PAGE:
Friday, December 2, 2011

Schadenfreude for Christmas

Schadenfreude means "enjoyment obtained from the troubles of others."

I heard on the news that, for the Christmas season, banks are sending out credit card offers to people with questionable credit. People who wouldn't normally be bankrolled are being given the opportunity to spend money on gifts they couldn't otherwise afford. Is this not an example of unbridled capitalism? Pope John Paul II warned the "all-consuming desire for profit and the thirst for power at any price with the intention of imposing one's will upon others... are opposed to the will of God and the good of neighbor" (Sollicitudo Rei Socialis § 37).

The goal of the creditor is to risk lending money to make money. Credit is based on risk. The risk needs to be smaller than the reward, on average, or the creditor is essentially throwing money away. To determine risk, a potential borrower's financial history is necessarily investigated. Why the investigation? I answer that with: "Glory to God in the highest, and on earth peace, good will toward men" (Luke 2:14).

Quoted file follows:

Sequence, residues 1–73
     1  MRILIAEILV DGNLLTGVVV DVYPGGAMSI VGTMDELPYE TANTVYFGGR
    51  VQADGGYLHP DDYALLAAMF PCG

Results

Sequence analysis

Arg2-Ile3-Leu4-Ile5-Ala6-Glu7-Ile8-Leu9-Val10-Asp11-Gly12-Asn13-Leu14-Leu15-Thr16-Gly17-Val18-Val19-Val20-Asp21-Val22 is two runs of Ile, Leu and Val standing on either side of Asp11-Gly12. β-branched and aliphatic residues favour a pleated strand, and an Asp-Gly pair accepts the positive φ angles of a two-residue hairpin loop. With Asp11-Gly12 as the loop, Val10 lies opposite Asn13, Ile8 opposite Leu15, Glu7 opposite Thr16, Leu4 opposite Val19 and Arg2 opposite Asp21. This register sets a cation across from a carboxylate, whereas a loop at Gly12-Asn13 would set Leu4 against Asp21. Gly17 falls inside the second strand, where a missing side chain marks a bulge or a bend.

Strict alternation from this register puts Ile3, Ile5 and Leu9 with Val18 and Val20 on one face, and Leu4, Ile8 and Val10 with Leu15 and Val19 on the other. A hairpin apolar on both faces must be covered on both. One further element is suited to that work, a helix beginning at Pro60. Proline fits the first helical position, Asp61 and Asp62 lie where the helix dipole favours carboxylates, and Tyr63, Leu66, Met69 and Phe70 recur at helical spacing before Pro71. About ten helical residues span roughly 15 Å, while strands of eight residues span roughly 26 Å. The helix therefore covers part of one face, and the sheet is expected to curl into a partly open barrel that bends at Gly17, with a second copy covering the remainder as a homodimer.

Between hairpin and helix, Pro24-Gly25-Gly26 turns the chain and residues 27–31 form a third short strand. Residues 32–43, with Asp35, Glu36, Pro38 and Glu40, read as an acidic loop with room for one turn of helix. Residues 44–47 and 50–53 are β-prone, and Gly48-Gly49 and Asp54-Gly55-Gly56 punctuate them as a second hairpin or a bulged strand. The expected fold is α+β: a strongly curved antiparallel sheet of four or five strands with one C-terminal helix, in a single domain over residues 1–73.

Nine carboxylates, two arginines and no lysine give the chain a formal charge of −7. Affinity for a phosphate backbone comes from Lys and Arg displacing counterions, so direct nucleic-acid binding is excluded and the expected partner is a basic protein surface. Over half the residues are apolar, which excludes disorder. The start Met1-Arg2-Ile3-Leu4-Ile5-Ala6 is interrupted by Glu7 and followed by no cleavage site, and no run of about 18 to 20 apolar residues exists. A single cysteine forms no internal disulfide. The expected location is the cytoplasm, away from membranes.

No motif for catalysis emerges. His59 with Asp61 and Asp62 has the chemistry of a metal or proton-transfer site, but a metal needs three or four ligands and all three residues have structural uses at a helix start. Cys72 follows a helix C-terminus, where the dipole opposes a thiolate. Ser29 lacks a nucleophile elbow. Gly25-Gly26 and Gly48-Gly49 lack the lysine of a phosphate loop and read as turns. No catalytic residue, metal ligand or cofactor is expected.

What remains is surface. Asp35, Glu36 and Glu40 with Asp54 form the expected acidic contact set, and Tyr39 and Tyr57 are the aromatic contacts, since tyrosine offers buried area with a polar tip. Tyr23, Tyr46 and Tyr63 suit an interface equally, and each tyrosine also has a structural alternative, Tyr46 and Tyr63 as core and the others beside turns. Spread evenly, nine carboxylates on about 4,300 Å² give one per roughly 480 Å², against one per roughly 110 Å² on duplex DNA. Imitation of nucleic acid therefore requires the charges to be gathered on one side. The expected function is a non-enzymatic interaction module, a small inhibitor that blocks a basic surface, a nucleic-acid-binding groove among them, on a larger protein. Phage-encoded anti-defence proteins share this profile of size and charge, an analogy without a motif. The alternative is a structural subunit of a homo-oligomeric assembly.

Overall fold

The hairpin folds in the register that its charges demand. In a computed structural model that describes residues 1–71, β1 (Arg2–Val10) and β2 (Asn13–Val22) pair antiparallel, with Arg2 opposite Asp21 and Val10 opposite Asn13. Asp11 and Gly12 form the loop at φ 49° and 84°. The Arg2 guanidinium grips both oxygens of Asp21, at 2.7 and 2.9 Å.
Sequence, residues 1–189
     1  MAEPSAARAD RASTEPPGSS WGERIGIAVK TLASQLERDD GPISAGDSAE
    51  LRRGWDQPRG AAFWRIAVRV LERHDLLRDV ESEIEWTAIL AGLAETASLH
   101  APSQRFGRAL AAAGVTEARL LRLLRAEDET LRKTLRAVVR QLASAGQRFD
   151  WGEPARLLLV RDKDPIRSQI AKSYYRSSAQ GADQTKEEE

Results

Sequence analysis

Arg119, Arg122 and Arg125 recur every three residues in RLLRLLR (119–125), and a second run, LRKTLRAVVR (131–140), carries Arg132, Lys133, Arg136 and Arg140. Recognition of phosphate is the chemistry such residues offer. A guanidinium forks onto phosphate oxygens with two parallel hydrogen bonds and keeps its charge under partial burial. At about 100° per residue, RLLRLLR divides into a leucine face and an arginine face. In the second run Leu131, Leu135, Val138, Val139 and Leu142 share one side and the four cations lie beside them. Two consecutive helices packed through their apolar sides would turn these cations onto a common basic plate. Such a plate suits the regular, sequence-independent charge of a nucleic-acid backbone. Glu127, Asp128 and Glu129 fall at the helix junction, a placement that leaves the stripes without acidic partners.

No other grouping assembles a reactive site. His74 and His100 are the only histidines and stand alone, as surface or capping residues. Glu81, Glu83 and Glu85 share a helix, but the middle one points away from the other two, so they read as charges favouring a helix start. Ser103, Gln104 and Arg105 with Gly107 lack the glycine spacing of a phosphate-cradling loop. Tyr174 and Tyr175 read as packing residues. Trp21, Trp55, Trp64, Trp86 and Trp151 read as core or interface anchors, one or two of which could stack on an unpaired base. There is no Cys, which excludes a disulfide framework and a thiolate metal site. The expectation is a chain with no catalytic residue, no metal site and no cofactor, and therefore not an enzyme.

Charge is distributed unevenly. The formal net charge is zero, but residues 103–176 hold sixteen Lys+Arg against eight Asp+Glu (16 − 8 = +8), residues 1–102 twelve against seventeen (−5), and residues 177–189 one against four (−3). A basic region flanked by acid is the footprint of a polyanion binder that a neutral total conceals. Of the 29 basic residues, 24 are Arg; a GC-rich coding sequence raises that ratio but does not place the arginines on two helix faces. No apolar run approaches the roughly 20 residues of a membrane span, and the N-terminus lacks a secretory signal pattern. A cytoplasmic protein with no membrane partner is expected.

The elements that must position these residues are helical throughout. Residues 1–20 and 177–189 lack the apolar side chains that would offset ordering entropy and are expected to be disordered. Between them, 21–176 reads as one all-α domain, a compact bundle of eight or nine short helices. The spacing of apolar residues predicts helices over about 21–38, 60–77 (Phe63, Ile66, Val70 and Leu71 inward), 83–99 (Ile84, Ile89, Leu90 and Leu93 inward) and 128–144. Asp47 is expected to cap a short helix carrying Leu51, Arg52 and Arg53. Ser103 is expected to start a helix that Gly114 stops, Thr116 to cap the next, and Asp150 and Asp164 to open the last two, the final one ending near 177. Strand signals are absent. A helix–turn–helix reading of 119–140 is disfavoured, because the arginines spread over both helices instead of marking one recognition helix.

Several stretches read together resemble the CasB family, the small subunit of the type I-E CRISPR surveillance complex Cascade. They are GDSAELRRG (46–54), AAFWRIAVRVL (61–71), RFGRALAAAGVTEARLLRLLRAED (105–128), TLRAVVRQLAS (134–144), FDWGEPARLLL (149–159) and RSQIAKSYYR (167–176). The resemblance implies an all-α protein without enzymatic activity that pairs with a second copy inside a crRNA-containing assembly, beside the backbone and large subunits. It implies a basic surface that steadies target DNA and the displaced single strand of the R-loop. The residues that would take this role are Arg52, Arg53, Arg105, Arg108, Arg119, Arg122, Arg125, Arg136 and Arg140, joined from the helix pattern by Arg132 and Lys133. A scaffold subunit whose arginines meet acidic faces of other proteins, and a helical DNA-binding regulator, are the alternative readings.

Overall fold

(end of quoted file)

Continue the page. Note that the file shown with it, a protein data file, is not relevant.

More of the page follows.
The creditor should have good will towards the borrower. The creditor has a serious obligation to turn away any person who is stasticially bound to fail the obligation of repayment. Furthermore, I think the creditor must "resolve never to place an obstacle or a stumbling block in a brother's way" (Rom 14:13), such as not offering loan packages that could destroy the borrower -- like variable rate mortgages that can skyrocket.

Part of the subprime mortgate crisis from 2007 was clearly the banks reveling in borrower schadenfreude. Haven't they learned yet?